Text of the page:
Jews have inhabited the Jewish Quarter almost continuously since the 8th century BC. Parts of the Jewish Quarter have been excavated to reveal ancient Roman remains including the Cardo, which would have been the colonnaded main street during Jesus’ lifetime. The star of this quarter is the Western Wall; the last remaining part of the 2nd Holy Jewish Temple which was destroyed in 70AD. The Western Wall (Kotel) opens up to a large plaza and Jews come from across the globe to worship here. Local Jews worship at the Western Wall as they would at a synagogue. You can place a prayer note with your personal message to God between the large stones of the Western Wall.
The largest quarter of the Old City is home to the Muslim population (and a few Jewish families). It has narrow cobbled lanes that are a bustle of activity. Within this quarter there is the Temple Mount, this is where the ancient 1st century Jewish Temple stood and today it is the site of the beautiful Dome of the Rock which covers the Foundation Stone from where Muhammad is believed to have ascended to Heaven. The Dome of the Rock has a distinctive golden dome which is a symbol of the city. Also on Temple Mount is the al-Aqsa Mosque, Muhammad’s destination in the Night Journey and the Dome of the Chain a free-standing dome and the oldest structure on Temple Mount. The Western Wall Tunnels run beneath the Muslim Quarters and the Muslim Quarter has several Roman and Crusader remains. The Muslim Quarter has a lively market or “shuk” where you can find a huge rang of goods. The Via Dolorosa runs through the Muslim Quarter and is home to the first seven Stations of the Cross.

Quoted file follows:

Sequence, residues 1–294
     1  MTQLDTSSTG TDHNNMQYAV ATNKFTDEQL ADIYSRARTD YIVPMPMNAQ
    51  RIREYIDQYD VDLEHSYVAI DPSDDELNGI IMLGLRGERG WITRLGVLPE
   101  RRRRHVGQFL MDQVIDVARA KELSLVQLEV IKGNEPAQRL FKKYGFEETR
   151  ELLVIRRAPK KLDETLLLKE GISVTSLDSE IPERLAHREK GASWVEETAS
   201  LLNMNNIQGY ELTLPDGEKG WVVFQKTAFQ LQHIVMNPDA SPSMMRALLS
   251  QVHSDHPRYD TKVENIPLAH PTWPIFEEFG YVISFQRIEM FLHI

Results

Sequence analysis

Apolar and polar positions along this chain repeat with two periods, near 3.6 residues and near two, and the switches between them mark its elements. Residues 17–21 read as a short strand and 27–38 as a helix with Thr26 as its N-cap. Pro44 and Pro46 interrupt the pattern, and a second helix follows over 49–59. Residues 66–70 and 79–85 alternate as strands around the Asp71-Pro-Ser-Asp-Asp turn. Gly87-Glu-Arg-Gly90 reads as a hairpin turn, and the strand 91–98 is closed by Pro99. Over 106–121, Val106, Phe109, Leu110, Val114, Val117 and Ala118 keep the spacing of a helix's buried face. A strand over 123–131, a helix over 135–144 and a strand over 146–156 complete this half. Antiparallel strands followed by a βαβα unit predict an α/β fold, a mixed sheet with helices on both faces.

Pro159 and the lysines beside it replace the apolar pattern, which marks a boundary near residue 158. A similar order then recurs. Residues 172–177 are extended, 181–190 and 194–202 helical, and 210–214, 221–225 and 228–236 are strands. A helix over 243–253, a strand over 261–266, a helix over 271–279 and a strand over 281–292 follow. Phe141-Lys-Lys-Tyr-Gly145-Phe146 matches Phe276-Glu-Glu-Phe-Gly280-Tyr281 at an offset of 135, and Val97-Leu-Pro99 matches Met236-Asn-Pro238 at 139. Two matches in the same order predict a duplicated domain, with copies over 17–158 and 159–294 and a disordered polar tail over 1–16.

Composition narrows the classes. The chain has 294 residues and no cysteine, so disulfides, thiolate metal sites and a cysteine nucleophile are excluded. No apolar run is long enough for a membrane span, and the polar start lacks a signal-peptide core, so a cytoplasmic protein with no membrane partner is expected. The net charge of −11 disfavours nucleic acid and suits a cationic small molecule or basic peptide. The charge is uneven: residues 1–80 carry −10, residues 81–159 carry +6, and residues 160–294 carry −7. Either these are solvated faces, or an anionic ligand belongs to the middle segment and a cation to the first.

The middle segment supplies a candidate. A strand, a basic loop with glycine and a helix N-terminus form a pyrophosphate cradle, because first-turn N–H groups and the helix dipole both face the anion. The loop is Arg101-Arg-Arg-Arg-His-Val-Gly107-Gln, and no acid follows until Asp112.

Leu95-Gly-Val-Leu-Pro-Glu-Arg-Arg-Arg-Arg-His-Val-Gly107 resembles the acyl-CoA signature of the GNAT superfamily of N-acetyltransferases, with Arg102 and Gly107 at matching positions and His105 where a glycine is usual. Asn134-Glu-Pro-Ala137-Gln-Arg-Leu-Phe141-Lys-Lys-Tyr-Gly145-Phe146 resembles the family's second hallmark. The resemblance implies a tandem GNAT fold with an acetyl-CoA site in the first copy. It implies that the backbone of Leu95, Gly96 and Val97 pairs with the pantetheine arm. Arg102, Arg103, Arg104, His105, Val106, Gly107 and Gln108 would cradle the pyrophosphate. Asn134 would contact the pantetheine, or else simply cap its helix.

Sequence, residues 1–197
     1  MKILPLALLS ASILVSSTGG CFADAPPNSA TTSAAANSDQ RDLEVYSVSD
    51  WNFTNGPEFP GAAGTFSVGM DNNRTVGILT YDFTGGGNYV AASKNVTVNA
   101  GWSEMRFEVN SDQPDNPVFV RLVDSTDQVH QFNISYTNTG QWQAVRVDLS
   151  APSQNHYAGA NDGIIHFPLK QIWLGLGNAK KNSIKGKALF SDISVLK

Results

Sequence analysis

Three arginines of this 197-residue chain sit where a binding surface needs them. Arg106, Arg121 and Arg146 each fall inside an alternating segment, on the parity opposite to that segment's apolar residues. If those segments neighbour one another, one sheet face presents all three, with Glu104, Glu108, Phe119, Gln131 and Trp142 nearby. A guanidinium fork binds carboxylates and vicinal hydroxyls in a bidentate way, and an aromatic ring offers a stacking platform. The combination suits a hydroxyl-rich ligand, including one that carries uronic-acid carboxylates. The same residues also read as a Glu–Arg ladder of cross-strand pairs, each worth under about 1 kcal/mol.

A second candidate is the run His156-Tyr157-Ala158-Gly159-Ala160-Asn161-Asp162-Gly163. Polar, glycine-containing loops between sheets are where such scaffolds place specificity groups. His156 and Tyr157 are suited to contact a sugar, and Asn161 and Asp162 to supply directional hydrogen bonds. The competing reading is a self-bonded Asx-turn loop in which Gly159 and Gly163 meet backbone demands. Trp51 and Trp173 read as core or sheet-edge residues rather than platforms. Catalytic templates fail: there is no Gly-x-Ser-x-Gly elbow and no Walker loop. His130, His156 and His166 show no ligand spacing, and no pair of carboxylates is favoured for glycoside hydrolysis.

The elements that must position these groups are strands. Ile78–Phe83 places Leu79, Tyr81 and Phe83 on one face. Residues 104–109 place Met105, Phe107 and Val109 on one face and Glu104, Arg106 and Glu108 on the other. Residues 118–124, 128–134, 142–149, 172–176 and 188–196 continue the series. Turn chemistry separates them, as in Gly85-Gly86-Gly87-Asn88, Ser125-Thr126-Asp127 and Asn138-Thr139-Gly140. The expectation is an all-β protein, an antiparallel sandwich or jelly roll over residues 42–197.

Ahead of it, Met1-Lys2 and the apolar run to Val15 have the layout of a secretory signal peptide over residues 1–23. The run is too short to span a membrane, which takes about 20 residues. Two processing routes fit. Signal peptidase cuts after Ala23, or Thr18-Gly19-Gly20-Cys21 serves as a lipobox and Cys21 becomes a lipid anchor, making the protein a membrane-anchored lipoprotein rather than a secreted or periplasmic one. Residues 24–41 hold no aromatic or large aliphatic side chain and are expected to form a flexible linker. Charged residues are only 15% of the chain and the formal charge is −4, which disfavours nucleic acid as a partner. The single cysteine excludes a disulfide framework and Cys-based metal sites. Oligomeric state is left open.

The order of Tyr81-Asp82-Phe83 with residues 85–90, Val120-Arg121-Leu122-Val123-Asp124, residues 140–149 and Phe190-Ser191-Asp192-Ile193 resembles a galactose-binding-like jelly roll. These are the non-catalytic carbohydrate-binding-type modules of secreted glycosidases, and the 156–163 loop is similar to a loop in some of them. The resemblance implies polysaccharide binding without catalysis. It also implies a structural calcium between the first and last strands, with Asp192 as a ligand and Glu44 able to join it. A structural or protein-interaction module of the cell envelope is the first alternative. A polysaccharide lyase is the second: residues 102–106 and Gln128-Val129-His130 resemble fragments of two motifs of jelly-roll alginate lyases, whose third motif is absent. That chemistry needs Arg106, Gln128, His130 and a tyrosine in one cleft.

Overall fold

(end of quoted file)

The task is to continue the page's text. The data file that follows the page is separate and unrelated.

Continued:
This is the smallest quarter of the Old City. It is home to Christian Armenians who arrived in Jerusalem in the 4th century AD when Armenia adopted Christianity and Armenian pilgrims came to visit the holy sites and settled here. The Armenian Quarter centers on St. James Monastery and the 4th century Cathedral of St. James which houses the Jerusalem Patriarchate of the Armenian Apostolic Church. (Pop trivia: This is where Kanye West and Kim Kardashian held their daughter, North’s christening in 2015) The Armenians have their own distinct culture, religious traditions and language. The Jerusalem Armenians are famed for their distinctive hand painted tiles, tile murals and handmade ceramics. You can buy ceramics in several stores in the Armenian Quarter and see street signs made from the brightly painted Armenian tiles.
Must-See Old City Sites
You can safely wander the lanes of the Old City discovering hidden gems around every corner. But just so you don’t miss any of the essential attractions here are a few must-sees:
2. Church of the Holy Sepulcher – Christian Quarter.
And now for something special in the Old City….
- Dei res-Sultan Ethiopian Monastery accessed via the 9th Station of the Cross on the roof of a medieval annex in the Christian Quarter.
- Shopping in the Old City Market.
- Walking the Ramparts of the Old City walls.
- The Tower of David (Jerusalem Citadel) at Jaffa Gate, a museum, archaeological site and sound and light show.
- Mamila luxury shopping street – Northwest of Jaffa Gate.
- Follow the Via Dolorosa retracing Jesus’ route as he carried his cross towards Calvary.
Like the Old City? Join today to our wonderful 1-day tour to Jerusalem!